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Kevin Madden: Tyrone's plan to topple Dublin requires fine balancing act

Tyrone may have to tweak their rigid gameplay if they are to defeat Dublin in their All-Ireland semi-final in less than two weeks 

There’s not much point in beating about the bush this week. It’s time to engage in some serious football talk. We are on the cusp of the most eagerly anticipated Championship game in quite some time, so the question on most people’s lips right now is: Do Tyrone have the game to beat Dublin?  

To contest or not contest

I suppose the big question here is will both teams contest the opposition’s kick-out? I think they will want to at different stages and this is how they will go about it. It was really interesting to watch the approach in the respective quarter-finals when Tyrone and Dublin both adopted almost identical strategies. 

To go completely man-to-man on kick-outs in Croke Park is both a futile and dangerous approach. Against Armagh, when they chose to contest, Tyrone played in a line of three, splitting across their full-forward line, a line of three or four across their half-forward line, three across the middle and behind that were two free sweepers to guard against the long ball over the top. 

Each player was responsible for an area rather than a specific player so it prevents people being pulled all over the big wide open spaces. But it is important to realise that this shape was possible because Armagh tried to play ‘rope-a-dope’ by pulling most of their players inside their own half to leave the space to go long over the top. 

Monaghan tried the same thing and Dublin responded with a similar set-up which left Cian O’Sullivan and Johnny Cooper free sweeping behind the midfield. This type of structured set-up is a balanced approach which can be very rewarding if you make an interception (like Paul Geaney did in 2014) and at the same time guards against being exposed (see Neil Gallagher v Dublin also in 2014).

Both goalkeepers are going to be under immense pressure in this game so how the mix of short, long and placed kicks works out could be critical. 

 

The defences

I think the Red Hands defensive structure is definitely good enough and I believe it is the best it has ever been. 

To date, Tyrone have played eight Championship games in the last two seasons. 

In six of those encounters they didn’t concede a goal. The incredible movement and scoring ability of the Dublin forwards will ask different questions but the Tyrone double sweeper system makes it very difficult for the opposition to get quality early ball into the full-forward line.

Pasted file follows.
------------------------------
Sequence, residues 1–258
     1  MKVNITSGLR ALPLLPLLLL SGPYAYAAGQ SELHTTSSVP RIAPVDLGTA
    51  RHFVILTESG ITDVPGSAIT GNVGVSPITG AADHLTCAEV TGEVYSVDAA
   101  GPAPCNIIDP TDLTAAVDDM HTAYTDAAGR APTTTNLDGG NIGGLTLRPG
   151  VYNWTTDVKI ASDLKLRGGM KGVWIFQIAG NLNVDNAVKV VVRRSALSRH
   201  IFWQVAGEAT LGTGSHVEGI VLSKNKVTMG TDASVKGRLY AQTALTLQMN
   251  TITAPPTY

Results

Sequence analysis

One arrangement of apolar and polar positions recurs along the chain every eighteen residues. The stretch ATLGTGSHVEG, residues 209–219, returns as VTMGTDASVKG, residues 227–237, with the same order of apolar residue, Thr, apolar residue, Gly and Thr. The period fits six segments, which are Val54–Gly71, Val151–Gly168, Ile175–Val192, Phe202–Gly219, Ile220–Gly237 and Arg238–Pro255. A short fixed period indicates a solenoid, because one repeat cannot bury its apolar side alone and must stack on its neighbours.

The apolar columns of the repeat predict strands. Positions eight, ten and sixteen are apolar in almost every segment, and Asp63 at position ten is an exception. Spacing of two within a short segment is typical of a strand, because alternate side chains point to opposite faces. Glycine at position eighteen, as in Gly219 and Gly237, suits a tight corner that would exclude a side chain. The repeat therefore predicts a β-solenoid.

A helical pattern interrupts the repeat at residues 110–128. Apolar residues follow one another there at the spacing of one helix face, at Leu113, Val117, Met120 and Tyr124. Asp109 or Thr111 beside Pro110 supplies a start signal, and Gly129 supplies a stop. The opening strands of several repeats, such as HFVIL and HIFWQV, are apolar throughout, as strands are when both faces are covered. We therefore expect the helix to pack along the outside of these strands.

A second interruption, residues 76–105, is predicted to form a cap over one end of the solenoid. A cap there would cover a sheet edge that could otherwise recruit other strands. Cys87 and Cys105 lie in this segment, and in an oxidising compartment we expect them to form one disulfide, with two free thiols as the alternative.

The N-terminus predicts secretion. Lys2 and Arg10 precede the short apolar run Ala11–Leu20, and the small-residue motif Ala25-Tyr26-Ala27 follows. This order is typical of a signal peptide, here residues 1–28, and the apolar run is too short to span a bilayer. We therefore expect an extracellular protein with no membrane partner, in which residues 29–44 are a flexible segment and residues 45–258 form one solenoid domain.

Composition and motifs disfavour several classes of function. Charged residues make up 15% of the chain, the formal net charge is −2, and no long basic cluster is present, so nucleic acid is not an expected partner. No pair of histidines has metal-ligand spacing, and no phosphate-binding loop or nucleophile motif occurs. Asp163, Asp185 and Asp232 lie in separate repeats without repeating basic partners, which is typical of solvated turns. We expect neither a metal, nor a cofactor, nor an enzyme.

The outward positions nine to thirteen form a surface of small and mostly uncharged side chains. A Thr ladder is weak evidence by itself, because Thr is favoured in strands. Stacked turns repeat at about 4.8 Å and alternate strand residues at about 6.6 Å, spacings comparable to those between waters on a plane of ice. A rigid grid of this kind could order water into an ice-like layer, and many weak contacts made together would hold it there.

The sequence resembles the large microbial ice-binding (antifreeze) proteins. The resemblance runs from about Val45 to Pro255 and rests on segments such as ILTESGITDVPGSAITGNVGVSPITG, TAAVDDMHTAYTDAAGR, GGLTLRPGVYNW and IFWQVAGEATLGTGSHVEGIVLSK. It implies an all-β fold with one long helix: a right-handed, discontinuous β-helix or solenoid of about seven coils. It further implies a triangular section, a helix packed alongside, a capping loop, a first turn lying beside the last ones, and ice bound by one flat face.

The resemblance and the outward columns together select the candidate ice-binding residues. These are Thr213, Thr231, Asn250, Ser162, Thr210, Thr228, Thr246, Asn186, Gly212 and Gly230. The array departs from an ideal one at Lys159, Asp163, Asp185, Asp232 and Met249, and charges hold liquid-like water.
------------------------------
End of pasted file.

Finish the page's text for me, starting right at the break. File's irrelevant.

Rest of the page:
In front of them is a line of five or six pressing the ball with serious intensity – starting just outside the 45-metre line. 

Both sides of the pitch are covered to guard against the opposition switching the play. All potential shooters inside the 45 are also man-marked. If a runner sneaks in behind, Colm Cavanagh or his rotating sweeper accomplice has him immediately. 

They shut the space down very quickly and tackle with great force and discipline. 

It’s a regimental system that has every possible manoeuvre covered. 

When necessary, Dublin attack with good width and patience but Tyrone will match this with relentless, aggressive, disciplined defending. The Red Hand message will be clear. To win this game Dublin are going to have to reach double figures in scores from distance,  that is from 40 yards and further back. 

I can’t see Jim Gavin going with the same forward line as the Monaghan game and I think there will be a couple of changes. 

I feel he will probably start Paul Flynn or Diarmuid Connolly in place of Eric Lowndes. 

But what he does with his full forward-line will be most interesting. I feel he will still go with Paul Mannion inside. He hit 0-3 against Monaghan but crucially he’s also left-footed which gives them a different kicking angle which will pull Tyrone defenders in another direction. 

With a double sweeper in place, it mightn’t be the game for Paddy Andrews to start in. 

In that case, I have a hunch that we will see Eoghan O’Gara on the square as an option to kick long and also a decoy for when they run the ball.